UNLV basketball:

Perimeter defense could be key against very tough Colorado State squad

If the Rebels let the Rams get to the rim in Fort Collins, Khem Birch may not be enough to save them


Sam Morris / Las Vegas Sun

UNLV forward Khem Birch defends San Diego State guard Jamaal Franklin during their game Wednesday, Jan. 16, 2013 at Viejas Arena in San Diego. UNLV upset SDSU 82-75.

Like a defensive end playing in front of a great safety, UNLV’s guards have a sense of security on the defensive end when Khem Birch is on the floor.

Against San Diego State, Birch blocked five shots and altered more. Jamaal Franklin and Deshawn Stephens, especially, will be glad they don’t see Birch again this weekend.

As great an addition as Birch’s defense is, though, it doesn’t come without its risks. And right now that includes assuming Birch will clean up every mistake.

“We need to make sure we don’t get to where we’re overly aggressive and take undo chances assuming Khem will block it,” UNLV coach Dave Rice said. “The bottom line is we still have to guard the basketball, but it’s obviously very nice to have him back there.”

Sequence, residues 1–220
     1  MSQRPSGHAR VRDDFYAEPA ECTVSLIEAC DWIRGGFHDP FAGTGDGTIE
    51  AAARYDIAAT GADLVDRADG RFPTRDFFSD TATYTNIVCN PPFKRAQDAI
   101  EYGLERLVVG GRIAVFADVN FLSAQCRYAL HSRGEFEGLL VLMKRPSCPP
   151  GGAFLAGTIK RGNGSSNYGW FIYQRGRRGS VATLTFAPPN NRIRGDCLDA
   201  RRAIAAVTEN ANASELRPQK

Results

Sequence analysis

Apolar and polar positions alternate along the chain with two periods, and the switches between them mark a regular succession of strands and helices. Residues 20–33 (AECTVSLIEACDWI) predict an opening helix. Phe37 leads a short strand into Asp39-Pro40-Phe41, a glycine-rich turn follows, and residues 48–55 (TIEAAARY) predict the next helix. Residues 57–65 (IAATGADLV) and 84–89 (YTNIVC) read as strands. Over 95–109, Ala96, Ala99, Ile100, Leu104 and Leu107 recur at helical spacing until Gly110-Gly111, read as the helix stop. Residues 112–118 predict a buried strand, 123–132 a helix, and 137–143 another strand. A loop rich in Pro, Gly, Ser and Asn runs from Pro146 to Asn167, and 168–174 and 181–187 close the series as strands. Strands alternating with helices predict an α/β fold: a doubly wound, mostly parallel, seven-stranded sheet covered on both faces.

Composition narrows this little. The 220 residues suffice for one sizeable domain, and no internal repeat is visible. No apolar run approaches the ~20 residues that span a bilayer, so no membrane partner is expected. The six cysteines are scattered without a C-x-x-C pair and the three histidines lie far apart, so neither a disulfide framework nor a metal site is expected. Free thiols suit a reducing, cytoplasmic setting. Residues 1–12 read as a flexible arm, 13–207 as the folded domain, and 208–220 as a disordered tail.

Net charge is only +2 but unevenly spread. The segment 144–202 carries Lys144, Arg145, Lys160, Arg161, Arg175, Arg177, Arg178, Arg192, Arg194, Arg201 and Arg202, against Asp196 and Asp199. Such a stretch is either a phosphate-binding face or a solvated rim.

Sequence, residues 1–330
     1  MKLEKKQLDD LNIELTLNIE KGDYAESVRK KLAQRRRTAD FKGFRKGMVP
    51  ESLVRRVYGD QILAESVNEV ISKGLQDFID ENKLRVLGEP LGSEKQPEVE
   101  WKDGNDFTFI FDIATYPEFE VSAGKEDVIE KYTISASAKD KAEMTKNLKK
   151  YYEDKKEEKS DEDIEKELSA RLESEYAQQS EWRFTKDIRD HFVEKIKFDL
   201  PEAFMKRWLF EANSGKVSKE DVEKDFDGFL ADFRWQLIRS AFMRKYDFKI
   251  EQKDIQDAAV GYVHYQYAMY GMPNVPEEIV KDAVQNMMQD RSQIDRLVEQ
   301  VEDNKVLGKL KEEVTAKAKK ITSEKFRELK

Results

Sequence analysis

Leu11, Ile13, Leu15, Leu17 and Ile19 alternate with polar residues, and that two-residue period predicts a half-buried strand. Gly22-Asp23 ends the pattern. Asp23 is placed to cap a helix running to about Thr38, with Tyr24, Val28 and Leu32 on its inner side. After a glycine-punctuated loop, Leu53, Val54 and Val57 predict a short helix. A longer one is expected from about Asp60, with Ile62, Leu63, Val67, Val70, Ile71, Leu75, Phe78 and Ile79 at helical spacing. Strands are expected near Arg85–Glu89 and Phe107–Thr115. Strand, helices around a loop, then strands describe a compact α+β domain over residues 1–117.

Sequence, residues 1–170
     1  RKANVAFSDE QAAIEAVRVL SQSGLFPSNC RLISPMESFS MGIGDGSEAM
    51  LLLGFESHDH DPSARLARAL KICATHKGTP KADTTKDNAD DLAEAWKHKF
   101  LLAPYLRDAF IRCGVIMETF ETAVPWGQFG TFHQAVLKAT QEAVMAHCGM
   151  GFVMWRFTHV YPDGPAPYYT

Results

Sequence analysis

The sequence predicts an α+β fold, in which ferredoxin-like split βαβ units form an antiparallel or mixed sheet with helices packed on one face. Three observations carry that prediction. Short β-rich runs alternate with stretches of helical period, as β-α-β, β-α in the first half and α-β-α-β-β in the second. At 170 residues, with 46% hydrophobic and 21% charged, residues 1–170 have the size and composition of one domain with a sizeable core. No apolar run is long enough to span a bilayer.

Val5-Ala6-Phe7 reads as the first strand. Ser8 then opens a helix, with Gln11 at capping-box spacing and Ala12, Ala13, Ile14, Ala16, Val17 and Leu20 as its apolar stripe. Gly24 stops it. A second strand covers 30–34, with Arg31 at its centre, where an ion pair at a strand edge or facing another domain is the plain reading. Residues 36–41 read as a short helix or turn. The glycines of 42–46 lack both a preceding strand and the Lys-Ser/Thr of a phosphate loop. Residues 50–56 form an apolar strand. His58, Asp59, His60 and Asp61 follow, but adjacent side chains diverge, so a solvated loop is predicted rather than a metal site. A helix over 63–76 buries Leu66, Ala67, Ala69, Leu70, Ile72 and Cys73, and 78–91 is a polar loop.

When UNLV (15-3, 2-1) plays at Colorado State (14-3, 1-1) on Saturday at 4 p.m. on NBC Sports Network, Birch’s defensive prowess could once again come into play. The Rams have one of the best big men in the league — Colton Iverson — and guards like Wes Eikmeier and Dorian Green who have the ability to beat defenders into the lane.

The Rams are led by coach Larry Eustachy, who’s in his first season in Fort Collins after previous stints at Iowa State and Southern Miss. Eustachy took over for Tim Miles, who left for Nebraska after five seasons.

Eustachy stepped into a ready-made league competitor. Last year, the Rams made the NCAA Tournament, and it was a seven-point victory at Moby Arena against UNLV that likely pushed them over the top and into the field of 68. This year, they return every key contributor from that 20-12 squad, plus Iverson, a senior transfer from Minnesota, and Daniel Bejarano, a sophomore transfer from Arizona.

Eustachy hasn’t made a lot of changes, though Rice noted the Rams have improved in an area that was already a strength.

“They’re a better rebounding team,” Rice said.

Forward Pierce Hornung was a rebounding force for the Rams last year, grabbing 18.4 percent of all available offensive rebounds, according to kenpom.com. That was the second-best mark in the country.

Now Hornung has Iverson working with him, and together they have Colorado State as arguably the best rebounding team in the country. The Rams rank third in the country in team offensive rebounding percentage and best in the nation in keeping their opponents away from offensive rebounds.

Rice often talks about toughness in terms of 50/50 balls or plays that you make when your opponent has nearly an equal chance of making the same play. In those terms, you could make a case for Colorado State as the toughest team in the country. They’re also just plain good.